Iran, or Persia as it was long known for, was cradle to some of the most glorious empires and civilizations;
many significant events that shaped the world history happened here; the remnants are all over the place; from the city of Isfahan ,
the cultural capital of the Islamic world , brimming with exquisite works of art and culture ,
to Shiraz where awe-inspiring thousands-years-old remnants of the Achaemenid empire still stand strong in Persepolis ,
to the beautiful seas to the south, to the vast deserts in the middle, and the traditional north west.
Along with a score of recognized world heritage sights ,
all make Iran one of the nonnegotiable destinations to people who are in love with travel, history and cultures.
Read more about Iran historical and natural attractions.
As is common in the orient, people here are so friendly with foreigners;
so you’re in for quite a treat!
The human interaction will usually be a major highlight of the travel itself.
And finally Iran is pretty safe; much more than many countries in the world
Tourism in Iran is diverse, providing a range of activities from hiking and skiing in theAlborz and Zagros mountains , to beach holidays by the Persian Gulf and the Caspian Sea.
The Iranian government has been making concerted efforts to attract tourists to the various destinations in the country and arrivals have increased during the past few years.
Kish Island alone attracts around 1 million visitors per year, the majority of whom are Iranian but the area also attracts many non-Iranian Muslims who like to have beach holidays with Islamic style beaches where men and women use separate beaches.
Before the Iranian revolution,
tourism was characterized by significant numbers of visitors traveling to Iran for its diverse attractions, the country boasts cultural splendours and a diverse and beautiful landscape suitable for a range of activities.
Tourism declined dramatically during theIran–Iraq War in the 1980s
March-May and Sep-Oct are the best time to go to Iran – you’ll dodge searing heat and bitter winter cold (with snow-blocked mountain roads).
Prices do rise in these months, particularly April;
June and Oct offer slightly better deals as long as you are prepared to dress for the heat/chill.
Iran marks a number of festivals nationwide which can disrupt travel.
Nowruz (Iranian New Year, two weeks starting 21st March) means price hikes and packed hotels.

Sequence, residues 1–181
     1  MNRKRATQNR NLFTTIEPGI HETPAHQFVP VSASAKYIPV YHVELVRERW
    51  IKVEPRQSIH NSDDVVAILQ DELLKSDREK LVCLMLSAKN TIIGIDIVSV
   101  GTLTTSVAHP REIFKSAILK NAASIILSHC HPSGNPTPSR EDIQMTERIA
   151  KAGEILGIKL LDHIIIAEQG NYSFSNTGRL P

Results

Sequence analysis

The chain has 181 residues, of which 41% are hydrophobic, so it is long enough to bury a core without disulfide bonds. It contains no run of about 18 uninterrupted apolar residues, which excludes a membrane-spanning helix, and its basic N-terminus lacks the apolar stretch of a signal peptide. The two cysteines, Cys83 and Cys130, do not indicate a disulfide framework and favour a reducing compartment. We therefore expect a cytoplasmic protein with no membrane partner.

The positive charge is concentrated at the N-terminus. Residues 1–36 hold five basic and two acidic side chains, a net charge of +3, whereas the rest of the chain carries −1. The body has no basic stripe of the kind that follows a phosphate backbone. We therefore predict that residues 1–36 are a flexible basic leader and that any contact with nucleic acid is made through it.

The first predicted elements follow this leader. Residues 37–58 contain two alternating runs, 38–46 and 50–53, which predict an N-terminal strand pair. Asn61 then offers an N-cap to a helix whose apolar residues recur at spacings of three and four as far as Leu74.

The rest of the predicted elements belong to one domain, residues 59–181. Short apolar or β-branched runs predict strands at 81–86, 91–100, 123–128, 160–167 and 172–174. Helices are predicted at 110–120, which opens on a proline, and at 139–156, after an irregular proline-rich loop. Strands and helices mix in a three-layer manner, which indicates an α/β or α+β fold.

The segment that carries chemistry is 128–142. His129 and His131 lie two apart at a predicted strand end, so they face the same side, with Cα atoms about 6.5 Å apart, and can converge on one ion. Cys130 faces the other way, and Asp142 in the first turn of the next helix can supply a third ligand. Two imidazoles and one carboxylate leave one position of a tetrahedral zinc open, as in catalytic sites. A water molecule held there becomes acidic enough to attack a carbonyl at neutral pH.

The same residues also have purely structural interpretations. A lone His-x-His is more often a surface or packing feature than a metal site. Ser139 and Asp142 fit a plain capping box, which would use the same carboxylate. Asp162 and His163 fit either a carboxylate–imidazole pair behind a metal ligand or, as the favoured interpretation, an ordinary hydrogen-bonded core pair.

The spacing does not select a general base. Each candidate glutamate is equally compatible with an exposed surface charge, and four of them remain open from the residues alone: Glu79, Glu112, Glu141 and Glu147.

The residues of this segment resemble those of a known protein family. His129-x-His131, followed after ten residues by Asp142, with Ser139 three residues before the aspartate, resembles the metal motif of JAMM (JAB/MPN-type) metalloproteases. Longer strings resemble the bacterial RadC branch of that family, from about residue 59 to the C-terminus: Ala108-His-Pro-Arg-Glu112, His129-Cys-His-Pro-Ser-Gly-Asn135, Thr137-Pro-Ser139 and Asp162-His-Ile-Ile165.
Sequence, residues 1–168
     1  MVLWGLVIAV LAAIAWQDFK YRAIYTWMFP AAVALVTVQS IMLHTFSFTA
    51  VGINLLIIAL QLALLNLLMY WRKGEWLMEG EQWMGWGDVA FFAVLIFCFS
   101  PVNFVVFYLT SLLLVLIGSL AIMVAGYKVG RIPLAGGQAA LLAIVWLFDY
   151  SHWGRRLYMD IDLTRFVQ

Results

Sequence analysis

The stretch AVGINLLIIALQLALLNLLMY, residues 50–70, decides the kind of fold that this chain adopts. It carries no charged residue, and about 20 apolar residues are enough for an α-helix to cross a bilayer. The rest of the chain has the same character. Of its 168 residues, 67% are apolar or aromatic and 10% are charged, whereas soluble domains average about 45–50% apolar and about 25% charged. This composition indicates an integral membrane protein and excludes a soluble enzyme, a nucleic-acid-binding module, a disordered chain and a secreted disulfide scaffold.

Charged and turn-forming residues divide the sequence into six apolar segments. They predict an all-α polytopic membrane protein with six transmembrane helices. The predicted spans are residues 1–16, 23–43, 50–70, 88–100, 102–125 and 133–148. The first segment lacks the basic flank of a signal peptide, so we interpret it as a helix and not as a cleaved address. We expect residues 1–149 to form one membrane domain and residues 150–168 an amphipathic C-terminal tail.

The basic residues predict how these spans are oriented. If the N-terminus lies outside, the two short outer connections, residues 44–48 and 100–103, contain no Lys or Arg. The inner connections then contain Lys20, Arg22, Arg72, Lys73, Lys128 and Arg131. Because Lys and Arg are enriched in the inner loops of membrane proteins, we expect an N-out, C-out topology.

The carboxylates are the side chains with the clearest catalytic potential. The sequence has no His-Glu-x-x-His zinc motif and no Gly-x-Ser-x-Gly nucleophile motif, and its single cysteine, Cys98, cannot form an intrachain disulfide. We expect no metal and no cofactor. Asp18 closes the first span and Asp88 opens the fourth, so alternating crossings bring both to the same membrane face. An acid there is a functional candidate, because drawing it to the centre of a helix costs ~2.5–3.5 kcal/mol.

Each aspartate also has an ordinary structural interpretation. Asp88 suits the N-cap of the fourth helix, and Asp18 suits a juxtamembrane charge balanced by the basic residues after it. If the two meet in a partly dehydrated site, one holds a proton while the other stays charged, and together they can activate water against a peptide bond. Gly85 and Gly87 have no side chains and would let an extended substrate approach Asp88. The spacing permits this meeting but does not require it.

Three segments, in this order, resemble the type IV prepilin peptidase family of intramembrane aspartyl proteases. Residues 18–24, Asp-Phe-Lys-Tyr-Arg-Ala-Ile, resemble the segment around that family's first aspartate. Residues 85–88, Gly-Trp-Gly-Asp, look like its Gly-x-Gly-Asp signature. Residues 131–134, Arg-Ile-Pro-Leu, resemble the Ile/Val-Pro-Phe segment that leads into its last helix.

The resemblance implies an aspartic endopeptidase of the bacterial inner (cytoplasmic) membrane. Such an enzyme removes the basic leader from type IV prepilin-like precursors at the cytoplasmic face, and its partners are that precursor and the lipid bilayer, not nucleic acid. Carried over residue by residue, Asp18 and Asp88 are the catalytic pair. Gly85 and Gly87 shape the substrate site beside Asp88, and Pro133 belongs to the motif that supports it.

During the month of Ramadan (dates vary), eating and drinking in public is banned during the day, and religious laws are more strictly enforced.
March, April and May are high season in Iran, with gorgeous temperatures for sightseeing – but also higher prices, especially in April.
You might be able to get a better deal in early June.
The ancient festival of Nowruz celebrates the Persian New Year and the coming of spring, and it’s the biggest event in the Iranian calendar.
It usually runs from 20th March for around two weeks.
This is a busy, expensive and chaotic time in Iran with many places closed for the celebrations, so unless you’re coming with the intention of joining in,
it’s advisable to travel outside of this time.
Late November, December, January and February are bitterly cold – especially in the mountains of the north and west.
July and August are boiling, with temperatures often into the 40s.
This is doubly unpleasant as shorts and t-shirts are a no-no, and women must wear headscarves.
Ramadan is a month-long event in the Islamic calendar which shifts around slightly each year.
In 2018 it begins on 15th May and in 2019 on the 5th May.
During Ramadan, it is forbidden to eat or drink in public between sunrise and sunset – although some restaurants may discreetly serve foreign tourists, and you can eat in private or in vehicles.
After dark, be prepared for feasting.
September and October are also pleasant months to travel in Iran, and prices may well be slightly lower than in the spring.
Be aware that Friday is the Islamic day of rest, and that Thursday and Friday are the weekend in Iran. Saturday and Sunday are normal working days.